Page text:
According to Rosenberry, studying deer movements isn’t only crucial to species-specific management, it’s also necessary for a better understanding of forest management in general. “One of our goals is to maintain deer populations at levels where forest habitat is sustainable. And that's important not only from a deer standpoint — because the forest provides a habitat for deer — but for many other wildlife species, plant species and recreation.”

For Rosenberry, studying this relationship is an important step in preserving forests for future generations. “When we look at a forest, a lot of times we just see the big trees,” Rosenberry said. “But in order for those big trees to exist, there had to be small trees at some point in the past. Those small trees that are growing today will be the forests of tomorrow.”

To follow the Deer Forest Study click here.  You can also subscribe to their blog and have posts emailed directly to you.  Click here to view blog.

Monday, January 11, 2016

Who Owns Pennsylvania's Forests

As you drive across the state of Pennsylvania one thing you notice is that it is a heavily forested state, we are very much "Penn's Woods." Forested ridges and scattered woodlots mixed with farmland in the valleys characterize most of Pennsylvania. Pennsylvania's dominant land cover is forest, covering nearly 16.5 million acres or 59% of the state. Many people believe the government owns our forestland. However, government only controls 3 of every 10 acres. The largest government land managers in Pennsylvania include the DCNR Bureau of Forestry (2.1 million acres), the Game Commission (1.1 million acres), and the US Forest Service (513,000 acres). The bulk of this acreage is found in the north-central part of the state and constitutes some of the most remote forestland in the eastern US.

The remaining 12 million acres are held by private owners, estimated to be over 700,000. Said another way, about 1 in 8 households in the state owns some forestland. The average ownership size is estimated at 17-21 acres, with an average ownership tenure of only 7-13 years, and an average age of 57. The decisions these landowners make affect the strength of our forest-based industry, employing about 90,000 workers and contributing 17 billion dollars to the economy of the state. In addition, private forests provide ecological services such as clean air and water, supply habitat for wildlife, and contribute immensely to our quality of life.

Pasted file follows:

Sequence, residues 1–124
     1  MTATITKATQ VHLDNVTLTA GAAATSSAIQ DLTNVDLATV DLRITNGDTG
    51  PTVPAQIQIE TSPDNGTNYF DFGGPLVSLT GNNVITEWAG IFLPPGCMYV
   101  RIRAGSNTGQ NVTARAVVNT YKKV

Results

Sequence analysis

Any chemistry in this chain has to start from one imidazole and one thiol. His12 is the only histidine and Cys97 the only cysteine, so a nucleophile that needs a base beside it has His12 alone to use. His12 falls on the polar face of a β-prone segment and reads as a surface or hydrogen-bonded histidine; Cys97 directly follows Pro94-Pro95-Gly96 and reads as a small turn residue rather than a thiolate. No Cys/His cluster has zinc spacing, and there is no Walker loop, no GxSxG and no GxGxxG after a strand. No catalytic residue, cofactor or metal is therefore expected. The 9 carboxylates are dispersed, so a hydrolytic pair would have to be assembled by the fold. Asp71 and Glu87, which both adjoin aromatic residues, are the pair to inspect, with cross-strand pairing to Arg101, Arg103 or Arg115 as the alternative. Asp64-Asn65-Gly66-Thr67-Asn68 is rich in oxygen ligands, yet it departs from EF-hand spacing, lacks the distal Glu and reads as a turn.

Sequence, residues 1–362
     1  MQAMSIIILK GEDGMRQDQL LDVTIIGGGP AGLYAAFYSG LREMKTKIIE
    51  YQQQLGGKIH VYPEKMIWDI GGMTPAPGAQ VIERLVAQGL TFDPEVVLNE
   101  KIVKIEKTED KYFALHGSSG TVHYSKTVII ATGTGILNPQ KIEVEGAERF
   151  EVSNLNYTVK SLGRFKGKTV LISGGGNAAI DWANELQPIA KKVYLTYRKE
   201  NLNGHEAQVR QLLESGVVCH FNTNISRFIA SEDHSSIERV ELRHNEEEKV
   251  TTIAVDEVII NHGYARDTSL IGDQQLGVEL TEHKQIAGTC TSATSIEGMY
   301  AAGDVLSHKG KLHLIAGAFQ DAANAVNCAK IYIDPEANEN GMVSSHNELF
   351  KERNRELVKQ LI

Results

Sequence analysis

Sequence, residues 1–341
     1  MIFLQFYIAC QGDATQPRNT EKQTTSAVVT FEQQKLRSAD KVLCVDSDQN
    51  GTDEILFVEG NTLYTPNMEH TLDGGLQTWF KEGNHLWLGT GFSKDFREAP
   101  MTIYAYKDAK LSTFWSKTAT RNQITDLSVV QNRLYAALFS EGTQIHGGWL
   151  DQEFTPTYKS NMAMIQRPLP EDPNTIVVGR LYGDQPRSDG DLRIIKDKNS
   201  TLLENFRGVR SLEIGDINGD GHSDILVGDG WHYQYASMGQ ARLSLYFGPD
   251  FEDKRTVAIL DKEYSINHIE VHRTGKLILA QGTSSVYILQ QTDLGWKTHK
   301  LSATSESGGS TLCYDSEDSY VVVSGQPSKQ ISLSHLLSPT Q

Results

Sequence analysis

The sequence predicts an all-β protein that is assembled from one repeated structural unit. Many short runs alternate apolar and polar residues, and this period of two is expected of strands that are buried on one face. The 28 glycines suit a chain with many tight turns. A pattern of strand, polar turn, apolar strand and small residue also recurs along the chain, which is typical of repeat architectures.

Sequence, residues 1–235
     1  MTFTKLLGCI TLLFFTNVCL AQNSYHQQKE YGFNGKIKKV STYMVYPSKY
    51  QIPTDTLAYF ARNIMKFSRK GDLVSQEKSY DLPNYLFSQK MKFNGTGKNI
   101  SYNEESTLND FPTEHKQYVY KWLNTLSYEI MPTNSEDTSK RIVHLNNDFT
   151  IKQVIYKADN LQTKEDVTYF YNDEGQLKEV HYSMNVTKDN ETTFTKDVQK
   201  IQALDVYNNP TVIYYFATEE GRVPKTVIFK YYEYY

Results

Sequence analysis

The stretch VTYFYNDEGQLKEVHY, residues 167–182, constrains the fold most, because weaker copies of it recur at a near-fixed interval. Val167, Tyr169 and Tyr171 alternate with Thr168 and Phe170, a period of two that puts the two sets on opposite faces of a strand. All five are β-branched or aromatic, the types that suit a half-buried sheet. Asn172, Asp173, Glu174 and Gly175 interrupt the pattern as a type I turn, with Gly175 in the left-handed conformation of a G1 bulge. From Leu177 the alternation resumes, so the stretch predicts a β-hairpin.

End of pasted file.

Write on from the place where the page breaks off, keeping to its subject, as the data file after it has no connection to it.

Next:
Pennsylvania is blessed with an abundance of public land but this is not the case with most eastern states. Western states, on the other hand, have an abundance of public land. In some western states the US government owns more that 50% of the land base. So why such a difference? An article recently posted by the NY Times does a good job of explaining. 

Why the Government Owns So Much Land in the West


The United States government owns 47 percent of all land in the West. In some states, including Oregon, Utah and Nevada, the majority of land is owned by the federal government. Of course, it used to own nearly all of it.

And that remaining ownership and management of large tracts of forest and grazing lands is the core of the problem for antigovernment protesters in Oregon. They have taken over a federal building, the latest in a long history of fights between the government and Western settlers about how the lands should be used.

Which Federal Agency Controls the Most Land?

(In Millions of Acres)

Bureau of Land Management – 247.3